We had a Web application that used Windows Azure Table Storage (Microsoft’s highly scalable “NoSQL” implementation), and I was asked to do a prototype client using the final bits for Microsoft’s Windows Phone 7 SDK. Microsoft’s claimed strategic benefit in “The Cloud” is the integration of tools and technologies, and I was more than ready to enjoy some time in a single IDE, with a single SDK to recall.

My initial steps were very encouraging. Windows Phone 7 programming is done using Silverlight. Silverlight apps generally use the Model-View-ViewModel architecture, in which the View (the actual user interface) uses data binding to communicate with the interface logic in the ViewModel. This decoupling has at least two major advantages: Since there is little, if any, logic in the View, the developer can create a basic “programmer’s UI,” and graphic designers can, in parallel, create a snazzy look. The second advantage is that since there are no actual pixels or screens in the ViewModel, it’s much easier to automate testing of the interface logic.

Because I had mocked the Model objects coming from Table Storage, I was able to rapidly iterate and concentrate on the challenges of the mobile app. (Cue the distant rumble of an approaching storm.) I spent my time making sure that the most risky aspects of development—the mobile interface logic—were going to work. Indeed they did, and I sent the client a cheerful and confident message. (Cue the first drops of rain beginning to fall.)

It was time to do what was supposed to be the easiest part of the project: Add a “Service Reference” to the Azure Web Service and replace my mocked Model with the real thing. This was supposed to be the easy part because Microsoft is “all in” to the cloud. Because Windows Communication Foundation embodies all the lessons learned from SOAP. Because Microsoft’s whole claim to strategic value is that it provides complete end-to-end technology.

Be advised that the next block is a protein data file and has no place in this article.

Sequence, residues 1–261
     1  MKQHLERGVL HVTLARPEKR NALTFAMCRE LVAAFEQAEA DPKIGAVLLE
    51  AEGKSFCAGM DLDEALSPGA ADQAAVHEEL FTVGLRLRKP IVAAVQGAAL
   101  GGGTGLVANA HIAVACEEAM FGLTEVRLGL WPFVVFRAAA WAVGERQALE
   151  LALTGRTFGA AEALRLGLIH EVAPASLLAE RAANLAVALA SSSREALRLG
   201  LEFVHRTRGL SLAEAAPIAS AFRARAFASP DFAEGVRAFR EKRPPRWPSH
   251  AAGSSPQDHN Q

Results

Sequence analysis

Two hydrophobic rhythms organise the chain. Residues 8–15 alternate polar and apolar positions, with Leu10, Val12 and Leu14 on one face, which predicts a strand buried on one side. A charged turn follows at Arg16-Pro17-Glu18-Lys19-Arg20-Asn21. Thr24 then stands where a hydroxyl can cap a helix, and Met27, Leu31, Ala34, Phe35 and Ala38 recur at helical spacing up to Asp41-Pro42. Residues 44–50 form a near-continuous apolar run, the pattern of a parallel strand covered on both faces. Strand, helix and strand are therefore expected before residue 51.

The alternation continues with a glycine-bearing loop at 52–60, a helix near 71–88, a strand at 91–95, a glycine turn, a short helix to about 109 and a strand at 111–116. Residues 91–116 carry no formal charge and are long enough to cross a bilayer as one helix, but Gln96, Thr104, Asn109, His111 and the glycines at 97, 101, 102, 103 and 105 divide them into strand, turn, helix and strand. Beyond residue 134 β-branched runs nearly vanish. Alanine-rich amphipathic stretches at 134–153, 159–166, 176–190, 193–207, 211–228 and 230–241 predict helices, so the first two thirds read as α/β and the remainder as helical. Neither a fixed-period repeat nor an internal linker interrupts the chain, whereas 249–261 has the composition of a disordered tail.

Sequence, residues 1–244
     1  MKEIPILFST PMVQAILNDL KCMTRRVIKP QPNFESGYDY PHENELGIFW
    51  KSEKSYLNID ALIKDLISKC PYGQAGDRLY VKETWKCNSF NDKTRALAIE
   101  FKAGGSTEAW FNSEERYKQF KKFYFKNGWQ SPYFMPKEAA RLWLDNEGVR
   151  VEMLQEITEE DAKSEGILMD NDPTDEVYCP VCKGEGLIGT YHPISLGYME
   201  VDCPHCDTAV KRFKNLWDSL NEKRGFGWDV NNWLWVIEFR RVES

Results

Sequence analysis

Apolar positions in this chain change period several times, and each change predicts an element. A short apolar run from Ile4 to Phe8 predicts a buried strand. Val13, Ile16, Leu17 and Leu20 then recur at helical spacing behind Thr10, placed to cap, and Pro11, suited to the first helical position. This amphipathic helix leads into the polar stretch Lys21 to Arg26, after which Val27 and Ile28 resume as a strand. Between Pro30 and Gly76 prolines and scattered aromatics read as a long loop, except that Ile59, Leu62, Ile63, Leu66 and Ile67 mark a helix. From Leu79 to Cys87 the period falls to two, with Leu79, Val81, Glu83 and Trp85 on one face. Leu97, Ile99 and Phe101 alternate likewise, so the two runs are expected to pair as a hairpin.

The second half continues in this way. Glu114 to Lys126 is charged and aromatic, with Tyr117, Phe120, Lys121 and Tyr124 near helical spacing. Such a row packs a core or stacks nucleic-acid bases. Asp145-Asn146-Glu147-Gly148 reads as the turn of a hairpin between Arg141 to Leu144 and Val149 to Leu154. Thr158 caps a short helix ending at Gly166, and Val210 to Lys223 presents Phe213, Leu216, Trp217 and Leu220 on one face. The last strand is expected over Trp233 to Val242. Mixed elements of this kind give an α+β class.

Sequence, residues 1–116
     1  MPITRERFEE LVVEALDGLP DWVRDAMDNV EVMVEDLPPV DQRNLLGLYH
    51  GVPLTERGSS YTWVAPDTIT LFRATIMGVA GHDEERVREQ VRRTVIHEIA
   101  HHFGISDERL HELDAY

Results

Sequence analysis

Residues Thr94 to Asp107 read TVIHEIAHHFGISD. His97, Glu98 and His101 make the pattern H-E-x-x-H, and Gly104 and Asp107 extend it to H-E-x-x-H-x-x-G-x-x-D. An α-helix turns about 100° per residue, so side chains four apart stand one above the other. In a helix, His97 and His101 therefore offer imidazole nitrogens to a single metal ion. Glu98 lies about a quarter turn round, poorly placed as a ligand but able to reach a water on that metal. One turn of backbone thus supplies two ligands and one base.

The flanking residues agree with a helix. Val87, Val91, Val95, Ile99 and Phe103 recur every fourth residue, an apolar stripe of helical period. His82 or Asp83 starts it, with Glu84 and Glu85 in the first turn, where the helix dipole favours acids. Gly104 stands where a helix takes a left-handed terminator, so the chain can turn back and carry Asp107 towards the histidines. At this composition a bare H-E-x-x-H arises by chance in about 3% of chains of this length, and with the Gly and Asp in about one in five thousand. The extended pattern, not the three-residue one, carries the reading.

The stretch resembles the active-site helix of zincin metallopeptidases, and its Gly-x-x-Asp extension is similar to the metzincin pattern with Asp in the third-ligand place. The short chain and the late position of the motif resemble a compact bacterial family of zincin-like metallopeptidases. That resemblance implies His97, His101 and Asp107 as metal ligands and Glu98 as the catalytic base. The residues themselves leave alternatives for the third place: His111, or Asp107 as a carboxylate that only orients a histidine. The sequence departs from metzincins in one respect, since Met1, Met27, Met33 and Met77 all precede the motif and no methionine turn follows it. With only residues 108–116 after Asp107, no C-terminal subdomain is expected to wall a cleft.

Yet, as it turns out, Windows Phone 7 does not allow you to use WCF to connect to Azure Table Storage out of the box. You need to install “WCF RIA Services for Silverlight 4.” Except that Windows Phone 7 is implemented on Silverlight 3.5. At which point, you will take solace in the fact that Windows Azure Table Storage can support a REST-ful interface.

Representational State Transfer is the architecture of the Web. It uses HTTP for transport and status codes, and it has a small set of verbs with well-defined semantics. Everything about it is human-readable and easy enough to mock for testing purposes: requests and responses, document definitions, and status codes (well, they’re encoded as numbers, such as the 404 that even grandparents have become familiar with). It is explicitly designed to work well with intermediaries, which means that you can use a tool like Fiddler 2 to study and even modify conversations and be confident in the results you see.

The “downside” of REST for Web Services is that, if you want programmable objects, you have to write your own serialization/deserialization code—unless you’re using a dynamic language, in which case someone’s undoubtedly written parsers for XML and JSON. With C#’s increasingly dynamic semantics, it’s possible that there was a ready-made solution out on the Web, but XML serialization is easy enough to hand-code that I did not want to risk another “gotcha” by introducing another library into the mix.

Perhaps I’ve made the switch from a WCF to a REST-ful interface seem straightforward, and as far as the code itself goes, it was. But it took me more than a full day of chasing false leads and alternatives to come to the still-tentative conclusion that there was no WCF-based solution currently available. (At one point, I had 26 reference tabs open in my browser and a two-page mind map trying to capture the cross-references and false leads.) And feel free to imagine Wagnerian “Sturm und Drang” at the late discovery that the client needed to modify the Web Service. As is often the case, touching the server code (even for the benign tweaks needed) triggered some attention and change-control, which ended up introducing significant overhead. Instead of a simple proof-of-concept and easy win, the Windows Phone 7 development was suddenly political.

There are two arguments one hears against REST: One is that “REST can’t do” distributed transactions, or complex trust relationships, or some such. I don’t know that those arguments are never true, but personally, I have never encountered a real use case where REST was incapable.

The more common argument is that alternatives to REST are easier to use. Indeed, when you use “Add Service Reference…” in Visual Studio and point it at a WCF service, or point at a SOAP service using other tools, and everything works, it’s a nice moment. But when these alternatives fail, you get into a world of tooling incompatibilities and versioning and messages dominated by machine-generated metadata.

While I have previously advocated REST in general, its becoming the savior in a 100% Microsoft solution was, for me, a telling victory. I just wish I had RESTed a little earlier.

Larry O’Brien is a technology consultant, analyst and writer. Read his blog at www.knowing.net.